The Nurdle: The Thing You See Everyday But Probably Never Knew It’s Name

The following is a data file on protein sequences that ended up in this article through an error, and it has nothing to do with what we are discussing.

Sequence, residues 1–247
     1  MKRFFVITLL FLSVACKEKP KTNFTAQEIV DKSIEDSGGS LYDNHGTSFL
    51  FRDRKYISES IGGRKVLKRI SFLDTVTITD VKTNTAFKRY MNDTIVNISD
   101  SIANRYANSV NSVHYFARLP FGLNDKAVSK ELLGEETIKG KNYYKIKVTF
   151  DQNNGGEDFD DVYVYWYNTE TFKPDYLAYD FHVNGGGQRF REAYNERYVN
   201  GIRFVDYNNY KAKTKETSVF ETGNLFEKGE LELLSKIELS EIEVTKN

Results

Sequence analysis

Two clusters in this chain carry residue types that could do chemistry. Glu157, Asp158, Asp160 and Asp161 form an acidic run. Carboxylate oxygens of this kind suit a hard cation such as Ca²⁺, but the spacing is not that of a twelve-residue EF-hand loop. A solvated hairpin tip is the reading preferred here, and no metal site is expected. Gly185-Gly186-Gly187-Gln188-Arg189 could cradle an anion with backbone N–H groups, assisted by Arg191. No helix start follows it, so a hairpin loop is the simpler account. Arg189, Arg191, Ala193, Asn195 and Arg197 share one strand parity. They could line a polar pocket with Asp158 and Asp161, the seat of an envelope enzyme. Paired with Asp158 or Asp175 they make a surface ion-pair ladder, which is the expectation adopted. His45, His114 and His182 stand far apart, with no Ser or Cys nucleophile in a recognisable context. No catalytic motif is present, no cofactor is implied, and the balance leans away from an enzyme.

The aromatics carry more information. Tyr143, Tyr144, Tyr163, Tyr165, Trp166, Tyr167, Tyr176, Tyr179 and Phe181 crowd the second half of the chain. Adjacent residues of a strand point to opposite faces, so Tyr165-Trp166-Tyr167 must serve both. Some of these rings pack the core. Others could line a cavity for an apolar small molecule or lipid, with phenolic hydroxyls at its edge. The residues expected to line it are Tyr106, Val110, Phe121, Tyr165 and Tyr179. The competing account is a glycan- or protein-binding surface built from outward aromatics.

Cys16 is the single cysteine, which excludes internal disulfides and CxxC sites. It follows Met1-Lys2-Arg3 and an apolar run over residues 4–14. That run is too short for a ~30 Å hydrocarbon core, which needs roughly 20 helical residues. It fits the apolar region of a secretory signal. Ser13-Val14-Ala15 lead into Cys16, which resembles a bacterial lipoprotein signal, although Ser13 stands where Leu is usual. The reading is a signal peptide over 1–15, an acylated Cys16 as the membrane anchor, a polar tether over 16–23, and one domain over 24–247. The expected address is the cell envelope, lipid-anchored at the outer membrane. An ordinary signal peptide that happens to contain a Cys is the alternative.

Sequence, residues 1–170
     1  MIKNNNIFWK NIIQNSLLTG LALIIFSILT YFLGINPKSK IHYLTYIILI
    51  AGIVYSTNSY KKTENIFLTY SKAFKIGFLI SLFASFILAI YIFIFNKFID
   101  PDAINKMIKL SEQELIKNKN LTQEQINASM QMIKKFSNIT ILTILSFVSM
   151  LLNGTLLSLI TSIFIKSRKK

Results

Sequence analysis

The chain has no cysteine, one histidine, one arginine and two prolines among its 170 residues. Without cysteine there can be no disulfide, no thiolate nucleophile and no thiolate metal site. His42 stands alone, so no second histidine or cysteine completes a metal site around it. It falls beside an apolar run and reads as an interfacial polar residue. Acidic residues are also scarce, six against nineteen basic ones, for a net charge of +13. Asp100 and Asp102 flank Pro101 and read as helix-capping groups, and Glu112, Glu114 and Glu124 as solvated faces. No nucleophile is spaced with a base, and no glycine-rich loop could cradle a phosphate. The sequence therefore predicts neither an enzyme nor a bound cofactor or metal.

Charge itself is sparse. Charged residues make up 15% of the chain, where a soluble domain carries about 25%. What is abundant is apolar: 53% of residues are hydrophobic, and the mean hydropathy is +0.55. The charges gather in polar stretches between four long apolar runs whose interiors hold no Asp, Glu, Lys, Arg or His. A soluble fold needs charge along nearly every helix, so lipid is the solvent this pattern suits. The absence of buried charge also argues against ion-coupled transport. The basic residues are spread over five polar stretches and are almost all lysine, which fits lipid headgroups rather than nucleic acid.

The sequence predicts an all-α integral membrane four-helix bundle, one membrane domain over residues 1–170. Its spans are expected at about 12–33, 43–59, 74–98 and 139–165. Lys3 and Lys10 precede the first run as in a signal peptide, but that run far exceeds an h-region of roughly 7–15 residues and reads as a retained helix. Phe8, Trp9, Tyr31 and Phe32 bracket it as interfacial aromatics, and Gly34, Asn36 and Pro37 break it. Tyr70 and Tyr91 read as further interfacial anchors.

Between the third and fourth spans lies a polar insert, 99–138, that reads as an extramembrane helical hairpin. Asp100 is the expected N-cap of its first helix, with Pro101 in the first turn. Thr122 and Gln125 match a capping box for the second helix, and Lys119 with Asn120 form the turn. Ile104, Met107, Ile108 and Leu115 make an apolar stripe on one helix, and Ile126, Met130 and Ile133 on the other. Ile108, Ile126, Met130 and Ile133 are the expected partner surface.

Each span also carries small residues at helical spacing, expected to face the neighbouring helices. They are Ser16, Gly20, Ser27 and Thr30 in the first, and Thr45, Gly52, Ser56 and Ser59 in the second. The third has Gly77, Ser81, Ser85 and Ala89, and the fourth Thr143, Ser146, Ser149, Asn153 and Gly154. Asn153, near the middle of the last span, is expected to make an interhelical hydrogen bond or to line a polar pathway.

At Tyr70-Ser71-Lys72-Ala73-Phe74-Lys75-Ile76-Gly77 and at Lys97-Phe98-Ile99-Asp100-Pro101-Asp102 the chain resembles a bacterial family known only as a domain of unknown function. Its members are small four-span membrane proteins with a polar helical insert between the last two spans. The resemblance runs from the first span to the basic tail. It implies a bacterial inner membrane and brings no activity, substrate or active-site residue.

Everything has to have a name, and the toothpaste blob you see on toothpaste packages and in advertisements is no exception. That blob of toothpaste with its perfect curves is technically called a “nurdle.” You see it on toothpaste boxes and tubes everywhere. Use of the nurdle became widespread when toothpastes transitioned from a white paste to colored gels back in the 1970s. With the introduction of the red gel of Close-Up, the green gel of Aim and the multicolored gel of Aquafresh, showing nurdles in marketing and packaging became an important way of touting a brand's distinctiveness. In the world of advertising, a picture of a nurdle is important because the oral care aisle is so crowded and shoppers spend a fraction of a second making a choice. That’s why toothpaste makers want the “nurdle” all to themselves. In fact, Colgate-Palmolive filed suit against GlaxoSmithKline — the maker of Aquafresh — in 2010 to prohibit the use of the nurdle in other companies’ toothpaste packaging. GlaxoSmithKline turned around and filed suit against Colgate-Palmolive. The toothpaste giants finally reached a confidential settlement in 2011. As Rodney King would say, why can’t everyone just use the nurdle and get along?